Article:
Liz Truss vowed to stamp out workplace sexual harassment. Image: Gareth Milner / Flickr
Liz Truss vowed to tackle sexual harassment in the workplace a year ago, but women’s equality campaigners say there is still nothing to show for her plans.
The Government Equalities Office, under Tory leadership favourite Truss – who as well as being foreign secretary is also minister for women and equalities – announced a range of measures on the issue in July 2021. They included introducing a duty for employers to prevent sexual harassment and extending the time limit for bringing employment tribunals under the Equality Act from three months to six.
Truss said at the time: “Everyone should be able to live and work without the fear of encountering violence or harassment. That is why this government is committed to tackling sexual harassment in all its forms.”
She added: “We now have a real opportunity to transform the workplace and guarantee everyone an environment in which they can thrive and feel safe.”
However, when the Big Issue asked the department how the plans had progressed, it only reaffirmed the government’s commitment to delivering them.
“Liz Truss promised a year ago to make workplaces harassment-free zones, and no-one’s heard anything further since. And there’s much the government could do to ensure employers take this issue more seriously,” Unison women’s policy officer Josie Irwin told the Big Issue.
During her Tory leadership campaign Truss has announced that as prime minister her administration would criminalise street harassment, clamping down on aggressive and misogynistic behaviour.
“It is the responsibility of all political leaders, including us in Westminster and the mayor of London, to do more, to better protect women and girls from violence and abuse”, she said.
But in the absence of any ministerial action on combating sexual harassment at work, “women are likely to be rather sceptical of any claims that the streets are next on the government’s clean-up list,” said Irwin.
The government had launched a consultation on how best to tackle sexual harassment in the workplace three years ago. The July 2021 response announced a range of measures that also included plans to “introduce explicit protections from third-party harassment”.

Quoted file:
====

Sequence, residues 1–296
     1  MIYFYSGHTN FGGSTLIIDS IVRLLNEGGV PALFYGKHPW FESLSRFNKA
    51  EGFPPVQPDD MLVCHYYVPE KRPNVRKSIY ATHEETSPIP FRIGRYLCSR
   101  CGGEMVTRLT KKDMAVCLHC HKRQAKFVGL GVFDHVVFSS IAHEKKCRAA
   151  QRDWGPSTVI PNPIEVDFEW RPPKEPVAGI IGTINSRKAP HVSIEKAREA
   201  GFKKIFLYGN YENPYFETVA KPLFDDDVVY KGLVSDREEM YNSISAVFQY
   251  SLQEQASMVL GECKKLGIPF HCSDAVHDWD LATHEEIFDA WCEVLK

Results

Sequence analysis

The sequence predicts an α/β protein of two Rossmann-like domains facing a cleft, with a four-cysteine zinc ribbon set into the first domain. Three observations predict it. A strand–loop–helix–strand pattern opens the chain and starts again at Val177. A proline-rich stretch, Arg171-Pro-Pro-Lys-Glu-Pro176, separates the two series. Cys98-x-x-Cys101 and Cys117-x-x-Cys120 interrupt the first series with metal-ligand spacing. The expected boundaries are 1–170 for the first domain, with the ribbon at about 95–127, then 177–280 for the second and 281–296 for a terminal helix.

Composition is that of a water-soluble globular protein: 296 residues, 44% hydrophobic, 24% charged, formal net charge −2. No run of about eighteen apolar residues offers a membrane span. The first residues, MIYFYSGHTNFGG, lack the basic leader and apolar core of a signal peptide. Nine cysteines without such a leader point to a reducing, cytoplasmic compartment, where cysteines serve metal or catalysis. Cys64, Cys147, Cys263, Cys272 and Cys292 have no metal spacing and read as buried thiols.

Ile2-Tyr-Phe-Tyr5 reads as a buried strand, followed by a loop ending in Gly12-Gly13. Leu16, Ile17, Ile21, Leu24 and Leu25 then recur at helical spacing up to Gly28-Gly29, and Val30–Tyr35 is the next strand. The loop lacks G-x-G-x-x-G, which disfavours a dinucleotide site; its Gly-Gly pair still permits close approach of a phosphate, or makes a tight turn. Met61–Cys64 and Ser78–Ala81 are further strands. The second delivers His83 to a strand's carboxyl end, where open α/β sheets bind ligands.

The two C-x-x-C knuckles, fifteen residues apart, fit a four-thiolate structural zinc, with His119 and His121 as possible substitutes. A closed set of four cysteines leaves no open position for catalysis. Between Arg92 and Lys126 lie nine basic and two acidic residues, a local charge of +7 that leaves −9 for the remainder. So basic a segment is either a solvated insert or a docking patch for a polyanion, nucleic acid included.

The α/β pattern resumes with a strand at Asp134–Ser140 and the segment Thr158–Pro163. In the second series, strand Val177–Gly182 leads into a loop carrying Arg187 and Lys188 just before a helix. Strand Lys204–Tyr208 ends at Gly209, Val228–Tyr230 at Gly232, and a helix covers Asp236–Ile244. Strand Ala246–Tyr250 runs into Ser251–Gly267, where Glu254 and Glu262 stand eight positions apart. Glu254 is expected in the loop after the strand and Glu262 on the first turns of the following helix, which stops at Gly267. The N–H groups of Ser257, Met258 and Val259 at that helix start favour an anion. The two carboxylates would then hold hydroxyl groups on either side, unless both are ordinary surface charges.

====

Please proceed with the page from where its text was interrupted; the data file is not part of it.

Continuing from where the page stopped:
The announcement was described as the first significant win in the wake of the #MeToo campaign around sexual assault and hailed as a victory by unions and women’s equality campaigners who had written to the government lobbying for new measures.
But a year later, a government spokesperson told The Big Issue that “the government remains committed to preventing sexual harassment in the workplace”. None of the commitments have yet materialised.
Close the Gap, a gender equality organisation that responded to the government’s consultation on preventing sexual harrasment at work, said the “delay represents a clear deprioritisation of women’s equality in the workplace”.
“Sexual harassment is endemic in our workplaces, but it’s so normalised that it’s routinely minimised or dismissed by employers. Close the Gap has welcomed the UK government’s commitment to introduce a prevention duty and reinstate protection from third party harassment, but we’re frustrated at the lack of progress,” said executive director Anna Ritchie Allan.
“Gender inequality means that all women are at risk of sexual harassment at work but evidence shows that younger women, and women in low-paid, insecure work are particularly at risk. We therefore need action on sexual harassment now, so that all women can feel safe at work.”
Unions had hoped the policy would be included in the Employment Bill, which would have included a host of measures to improve workers’ rights, but this seems to have been dropped.
“We need action from the government to force companies, especially those operating in the gig economy, to protect workers from sexual harassment,” Henry Chango, general secretary of the Independent Workers’ Union of Great Britain (IWGB), which represents self-employed and gig economy workers, told the Big Issue.
“Workers in the gig-economy and in precarious employment are particularly vulnerable to sexual harassment. These workers fear speaking up because many types of precarious employment like zero-hour contracts mean that work can be easily withdrawn by an employer as retaliation for challenging abuses of power.”
The yoga teachers branch of the IWGB has recently launched a campaign to end endemic sexual harassment in the yoga industry. “Every yoga teacher has a raft of stories on sexual harassment, with solicitation and constant sexualisation of yoga teachers happening on a daily basis” says Femke Gow, an independent yoga teacher.
A bill to expand the duty of employers to protect their workers under the Equality Act 2010 is being taken forward as a private members bill by Liberal Democrat MP Wera Hobhouse, and is due to have its second reading in the Commons next month.
Around 150 Private Members’ Bills are brought to parliament each session, of which around seven succeed in becoming Acts of Parliament.
Liz Truss did not respond to a request for comment.